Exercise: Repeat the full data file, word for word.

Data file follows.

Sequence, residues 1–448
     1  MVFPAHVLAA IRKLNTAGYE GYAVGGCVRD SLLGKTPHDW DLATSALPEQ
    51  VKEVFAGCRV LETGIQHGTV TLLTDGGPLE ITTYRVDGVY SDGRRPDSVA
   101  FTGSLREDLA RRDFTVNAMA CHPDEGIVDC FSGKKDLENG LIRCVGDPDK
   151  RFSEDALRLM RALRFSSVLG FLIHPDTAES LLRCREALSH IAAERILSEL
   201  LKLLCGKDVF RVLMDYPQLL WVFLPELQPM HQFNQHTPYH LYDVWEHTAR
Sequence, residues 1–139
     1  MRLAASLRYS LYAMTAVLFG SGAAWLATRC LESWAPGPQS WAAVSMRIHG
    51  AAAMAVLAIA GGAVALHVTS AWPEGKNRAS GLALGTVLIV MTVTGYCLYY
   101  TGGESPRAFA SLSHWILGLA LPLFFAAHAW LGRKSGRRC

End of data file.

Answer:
Sequence, residues 1–448
     1  MVFPAHVLAA IRKLNTAGYE GYAVGGCVRD SLLGKTPHDW DLATSALPEQ
    51  VKEVFAGCRV LETGIQHGTV TLLTDGGPLE ITTYRVDGVY SDGRRPDSVA
   101  FTGSLREDLA RRDFTVNAMA CHPDEGIVDC FSGKKDLENG LIRCVGDPDK
   151  RFSEDALRLM RALRFSSVLG FLIHPDTAES LLRCREALSH IAAERILSEL
   201  LKLLCGKDVF RVLMDYPQLL WVFLPELQPM HQFNQHTPYH LYDVWEHTAR
Sequence, residues 1–139
     1  MRLAASLRYS LYAMTAVLFG SGAAWLATRC LESWAPGPQS WAAVSMRIHG
    51  AAAMAVLAIA GGAVALHVTS AWPEGKNRAS GLALGTVLIV MTVTGYCLYY
   101  TGGESPRAFA SLSHWILGLA LPLFFAAHAW LGRKSGRRC